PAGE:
Increased asymmetric pulvinar magnetic resonance imaging signals in Creutzfeldt-Jakob disease with florid plaques following a cadaveric dura mater graft

Yoshinobu Wakisaka, Naohiko Santa, Katsumi Doh-ura, Tetsuyuki Kitamoto, Setsuro Ibayashi, Mitsuo Iida, Toru Iwaki

Research output: Contribution to journalArticlepeer-review

12 Citations (Scopus)

Abstract

A 9-year-old Japanese girl received a cadaveric dura mater graft during surgery following a head injury with brain contusion. She continued to do well, but when she became 19-years-old, she gradually showed a violent character and was treated in a psychiatric hospital. Another 6 years later, 200 months after the procedure, she developed a progressive gait ataxia, which subsequently led to her death within 10 months of onset. An autopsy showed she had CJD. This patient represents an atypical case of dura-associated CJD (dCJD) with unusual clinicopathological features including the late occurrence of myoclonus, an absence of periodic synchronous discharges in the electroencephalogram, and the presence of widespread florid plaques. However, our detection of an asymmetrical increase in the MRI-derived images of pulvinar nuclei has not been previously observed in other atypical cases of dCJD. Because atypical dCJD cases share several clinicopathological features with those of vCJD, and because asymmetrical hyperintense signals in the pulvinar have been observed in some neuropathologically confirmed vCJD cases, we had some difficulty in a differential diagnosis between atypical dCJD and vCJD. This is the first atypical dCJD case showing a pulvinar high signal compared with all other basal ganglia on MRI.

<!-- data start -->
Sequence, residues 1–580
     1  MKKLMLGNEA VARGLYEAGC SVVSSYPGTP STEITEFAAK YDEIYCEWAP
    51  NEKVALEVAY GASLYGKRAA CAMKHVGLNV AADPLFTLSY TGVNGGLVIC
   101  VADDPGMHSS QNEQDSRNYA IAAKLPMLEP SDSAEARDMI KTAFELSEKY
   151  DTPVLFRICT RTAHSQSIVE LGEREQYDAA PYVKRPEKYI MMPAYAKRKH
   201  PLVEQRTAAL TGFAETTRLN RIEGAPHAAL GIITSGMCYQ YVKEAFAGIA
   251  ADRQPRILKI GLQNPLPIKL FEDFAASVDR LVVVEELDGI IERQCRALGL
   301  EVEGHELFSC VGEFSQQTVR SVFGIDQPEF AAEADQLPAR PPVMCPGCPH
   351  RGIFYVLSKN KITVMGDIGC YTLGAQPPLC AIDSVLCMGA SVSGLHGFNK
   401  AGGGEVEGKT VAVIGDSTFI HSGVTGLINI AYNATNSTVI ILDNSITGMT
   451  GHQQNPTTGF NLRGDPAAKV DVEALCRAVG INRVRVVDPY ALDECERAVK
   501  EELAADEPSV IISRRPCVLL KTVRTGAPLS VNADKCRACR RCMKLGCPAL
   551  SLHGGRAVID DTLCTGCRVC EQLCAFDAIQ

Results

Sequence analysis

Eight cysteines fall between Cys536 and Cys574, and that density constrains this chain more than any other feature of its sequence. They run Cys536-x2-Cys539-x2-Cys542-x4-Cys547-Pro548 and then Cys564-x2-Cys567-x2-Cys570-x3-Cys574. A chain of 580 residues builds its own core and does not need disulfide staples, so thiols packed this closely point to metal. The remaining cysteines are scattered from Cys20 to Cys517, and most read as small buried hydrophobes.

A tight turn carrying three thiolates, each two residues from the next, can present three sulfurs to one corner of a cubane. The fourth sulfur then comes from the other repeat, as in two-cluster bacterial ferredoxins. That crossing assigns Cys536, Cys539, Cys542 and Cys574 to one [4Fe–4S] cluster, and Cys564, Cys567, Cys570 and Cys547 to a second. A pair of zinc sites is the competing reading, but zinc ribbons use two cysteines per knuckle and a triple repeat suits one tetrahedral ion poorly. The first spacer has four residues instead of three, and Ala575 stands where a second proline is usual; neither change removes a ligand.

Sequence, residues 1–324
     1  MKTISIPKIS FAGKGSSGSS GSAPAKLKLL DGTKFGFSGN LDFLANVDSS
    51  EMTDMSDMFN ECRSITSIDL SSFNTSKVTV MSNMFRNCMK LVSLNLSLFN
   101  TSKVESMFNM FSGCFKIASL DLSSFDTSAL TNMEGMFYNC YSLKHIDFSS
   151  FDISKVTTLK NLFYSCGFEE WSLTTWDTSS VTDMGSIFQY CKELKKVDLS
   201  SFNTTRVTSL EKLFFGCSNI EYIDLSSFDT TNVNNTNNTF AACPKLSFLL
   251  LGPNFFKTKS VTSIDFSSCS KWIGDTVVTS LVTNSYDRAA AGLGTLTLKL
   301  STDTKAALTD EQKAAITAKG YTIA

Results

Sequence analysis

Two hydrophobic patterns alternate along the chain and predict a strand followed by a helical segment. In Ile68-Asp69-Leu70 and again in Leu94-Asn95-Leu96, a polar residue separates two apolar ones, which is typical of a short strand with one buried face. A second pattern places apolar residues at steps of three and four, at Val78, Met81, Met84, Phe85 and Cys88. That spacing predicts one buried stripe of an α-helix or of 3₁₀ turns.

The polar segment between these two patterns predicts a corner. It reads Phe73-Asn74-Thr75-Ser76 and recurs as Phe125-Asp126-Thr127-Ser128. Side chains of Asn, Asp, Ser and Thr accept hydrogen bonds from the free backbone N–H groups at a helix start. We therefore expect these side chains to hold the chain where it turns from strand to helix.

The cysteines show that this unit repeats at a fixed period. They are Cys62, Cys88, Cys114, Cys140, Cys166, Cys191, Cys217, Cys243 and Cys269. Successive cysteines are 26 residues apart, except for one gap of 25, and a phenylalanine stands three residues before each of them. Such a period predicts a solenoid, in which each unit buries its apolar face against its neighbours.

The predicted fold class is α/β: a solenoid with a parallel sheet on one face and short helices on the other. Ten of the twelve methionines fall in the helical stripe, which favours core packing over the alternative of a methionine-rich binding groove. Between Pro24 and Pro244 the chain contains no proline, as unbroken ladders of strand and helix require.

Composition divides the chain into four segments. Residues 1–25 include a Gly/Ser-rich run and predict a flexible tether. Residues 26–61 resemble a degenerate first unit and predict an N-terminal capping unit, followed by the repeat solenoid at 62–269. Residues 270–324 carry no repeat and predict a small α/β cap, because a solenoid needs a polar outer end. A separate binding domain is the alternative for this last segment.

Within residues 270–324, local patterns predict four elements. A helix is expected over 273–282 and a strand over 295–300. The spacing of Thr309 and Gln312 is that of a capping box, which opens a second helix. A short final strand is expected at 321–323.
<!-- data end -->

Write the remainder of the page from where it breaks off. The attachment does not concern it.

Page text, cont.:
Original languageEnglish
Pages (from-to)82-88
Number of pages7
JournalNeuropathology
Volume26
Issue number1
DOIs
Publication statusPublished - Feb 2006

All Science Journal Classification (ASJC) codes

  • Pathology and Forensic Medicine
  • Clinical Neurology

Fingerprint

Dive into the research topics of 'Increased asymmetric pulvinar magnetic resonance imaging signals in Creutzfeldt-Jakob disease with florid plaques following a cadaveric dura mater graft'. Together they form a unique fingerprint.

Cite this